The Hams Hall site will be 260,000 sq. ft. of innovation in clean energy. Predicted to create upwards of 150 highly skilled and well-paying jobs, this technology hub puts the UK squarely at the forefront of the electrification revolution.
In-keeping with the eco-conscious nature of the industry, both Prologis and Britishvolt ensure that the construction of the site will be fully net zero. Not only that, but the completed facility will achieve an EPC Rating of ‘A’ when in operation.
The West Midlands is described by Tom Price - Capital Leasing & Deployment Director of Prologis -as “a ‘golden triangle’ of international battery excellence”, with industry experts such as the UK Battery Industrialisation Centre headquartered there. This incredible addition to the area further bolsters it as a hub of clean energy innovation.
Completion of the site is due in July. All of the equipment and full internal installation is due to be carried out through to the winter of 2023.
What will the Britishvolt site be doing?
The plant itself will innovate, create and produce battery cells that are production ready. These will then be transferred over to their Northumberland Gigaplant to be manufactured in large quantities.
The biggest barrier of entry to electric vehicles for many, is the cost. Due to the intense R&D that automakers have to carry out developing EVs, the cost is typically passed on to consumers via the sticker price. More importantly though, battery packs remain a huge proportion of the overall vehicle cost.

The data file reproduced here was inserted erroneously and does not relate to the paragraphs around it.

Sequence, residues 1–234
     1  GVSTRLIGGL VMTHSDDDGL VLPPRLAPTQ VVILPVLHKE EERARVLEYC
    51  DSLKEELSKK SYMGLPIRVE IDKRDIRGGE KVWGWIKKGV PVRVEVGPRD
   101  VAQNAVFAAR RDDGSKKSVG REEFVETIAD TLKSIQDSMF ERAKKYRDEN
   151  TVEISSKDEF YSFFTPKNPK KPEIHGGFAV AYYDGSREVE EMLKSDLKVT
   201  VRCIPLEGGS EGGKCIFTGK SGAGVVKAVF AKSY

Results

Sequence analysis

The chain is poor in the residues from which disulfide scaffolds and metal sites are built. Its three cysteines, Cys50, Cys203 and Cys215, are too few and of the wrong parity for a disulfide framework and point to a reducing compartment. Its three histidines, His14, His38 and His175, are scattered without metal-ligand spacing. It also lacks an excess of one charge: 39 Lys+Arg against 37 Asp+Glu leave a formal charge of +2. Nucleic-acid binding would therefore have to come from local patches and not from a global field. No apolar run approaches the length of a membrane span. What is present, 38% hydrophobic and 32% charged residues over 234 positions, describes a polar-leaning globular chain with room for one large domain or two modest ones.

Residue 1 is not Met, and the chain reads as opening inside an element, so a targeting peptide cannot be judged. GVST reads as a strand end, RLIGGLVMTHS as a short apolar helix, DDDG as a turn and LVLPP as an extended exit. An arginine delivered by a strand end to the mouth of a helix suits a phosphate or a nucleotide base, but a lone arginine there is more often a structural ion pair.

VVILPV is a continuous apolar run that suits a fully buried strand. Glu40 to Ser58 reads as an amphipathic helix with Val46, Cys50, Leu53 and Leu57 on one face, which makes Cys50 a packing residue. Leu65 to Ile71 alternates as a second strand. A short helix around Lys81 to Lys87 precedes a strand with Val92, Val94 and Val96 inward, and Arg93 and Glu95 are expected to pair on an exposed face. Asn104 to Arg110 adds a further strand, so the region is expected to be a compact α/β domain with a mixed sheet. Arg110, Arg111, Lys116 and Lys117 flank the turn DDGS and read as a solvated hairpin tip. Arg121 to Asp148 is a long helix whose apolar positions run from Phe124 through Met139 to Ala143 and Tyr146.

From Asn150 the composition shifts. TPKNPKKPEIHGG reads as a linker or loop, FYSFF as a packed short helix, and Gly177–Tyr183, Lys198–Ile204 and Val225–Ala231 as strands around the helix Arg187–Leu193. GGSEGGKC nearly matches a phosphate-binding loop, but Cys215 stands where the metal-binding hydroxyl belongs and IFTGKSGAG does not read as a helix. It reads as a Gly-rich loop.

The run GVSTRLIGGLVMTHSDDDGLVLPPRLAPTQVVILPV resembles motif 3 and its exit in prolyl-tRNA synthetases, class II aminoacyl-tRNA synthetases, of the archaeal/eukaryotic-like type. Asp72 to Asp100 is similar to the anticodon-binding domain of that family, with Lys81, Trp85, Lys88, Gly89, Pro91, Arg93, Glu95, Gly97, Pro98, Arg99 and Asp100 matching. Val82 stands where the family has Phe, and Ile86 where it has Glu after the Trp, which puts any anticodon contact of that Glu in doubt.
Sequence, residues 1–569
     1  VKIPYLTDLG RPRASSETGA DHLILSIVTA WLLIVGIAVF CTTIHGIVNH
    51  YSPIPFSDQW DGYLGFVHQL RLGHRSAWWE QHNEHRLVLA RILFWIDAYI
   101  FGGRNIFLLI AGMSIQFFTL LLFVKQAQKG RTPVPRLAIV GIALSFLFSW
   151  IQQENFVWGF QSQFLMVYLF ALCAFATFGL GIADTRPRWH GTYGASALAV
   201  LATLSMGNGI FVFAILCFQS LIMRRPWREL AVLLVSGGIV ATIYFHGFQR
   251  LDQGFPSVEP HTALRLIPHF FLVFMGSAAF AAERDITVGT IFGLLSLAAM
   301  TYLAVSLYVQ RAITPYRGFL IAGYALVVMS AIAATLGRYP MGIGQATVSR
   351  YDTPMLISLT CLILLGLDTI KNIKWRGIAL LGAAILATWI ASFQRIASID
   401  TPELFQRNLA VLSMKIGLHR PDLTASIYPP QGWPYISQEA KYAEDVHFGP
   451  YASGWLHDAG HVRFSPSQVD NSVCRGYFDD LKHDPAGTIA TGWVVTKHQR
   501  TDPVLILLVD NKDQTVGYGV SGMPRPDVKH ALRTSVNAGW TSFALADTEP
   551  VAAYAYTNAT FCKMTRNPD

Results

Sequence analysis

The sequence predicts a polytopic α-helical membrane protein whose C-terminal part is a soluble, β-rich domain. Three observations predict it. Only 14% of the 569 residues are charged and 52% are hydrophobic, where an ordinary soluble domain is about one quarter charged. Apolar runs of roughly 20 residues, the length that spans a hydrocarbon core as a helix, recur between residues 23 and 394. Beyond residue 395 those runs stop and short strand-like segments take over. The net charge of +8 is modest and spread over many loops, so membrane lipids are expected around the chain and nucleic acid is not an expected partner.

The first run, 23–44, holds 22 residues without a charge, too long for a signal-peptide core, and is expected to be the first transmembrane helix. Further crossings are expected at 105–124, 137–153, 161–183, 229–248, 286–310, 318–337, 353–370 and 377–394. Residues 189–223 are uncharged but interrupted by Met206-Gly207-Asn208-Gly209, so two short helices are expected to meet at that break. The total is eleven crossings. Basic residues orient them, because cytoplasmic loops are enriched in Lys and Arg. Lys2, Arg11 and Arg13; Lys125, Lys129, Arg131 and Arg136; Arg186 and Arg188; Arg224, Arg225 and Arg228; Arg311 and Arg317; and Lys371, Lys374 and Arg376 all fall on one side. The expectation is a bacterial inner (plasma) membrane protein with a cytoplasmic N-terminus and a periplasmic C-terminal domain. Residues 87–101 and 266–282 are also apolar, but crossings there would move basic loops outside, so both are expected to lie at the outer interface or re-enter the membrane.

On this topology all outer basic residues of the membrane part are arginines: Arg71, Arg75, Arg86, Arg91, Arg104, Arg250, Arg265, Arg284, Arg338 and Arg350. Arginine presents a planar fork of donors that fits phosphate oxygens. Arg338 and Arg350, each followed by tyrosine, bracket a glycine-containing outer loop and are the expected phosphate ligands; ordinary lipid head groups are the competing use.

Investments - like the one Britishvolt has made - in battery production is imperative to drive the cost of production down. The company plans for this facility to be at the forefront of producing higher-performing, more affordable cells for electric vehicles. Through its work, the cost of batteries will eventually decline. Consequently so will EVs - paving the way for mass adoption.
With automakers such as Lotus Cars and Aston Marton Lagonda signing Memorandums of Understanding with Britishvolt, batteries produced at their plant will likely be fitted in cars such as the Lotus Eletre.
With the 2030 ban on ICE vehicles looming and demand for EVs far out-stripping supply, Britishvolt is on track to become one of the most important figureheads in the entire automotive industry. With demand already in excess of 7GWh for 2024 and 2025, the British company is going full steam (or electricity) ahead with production.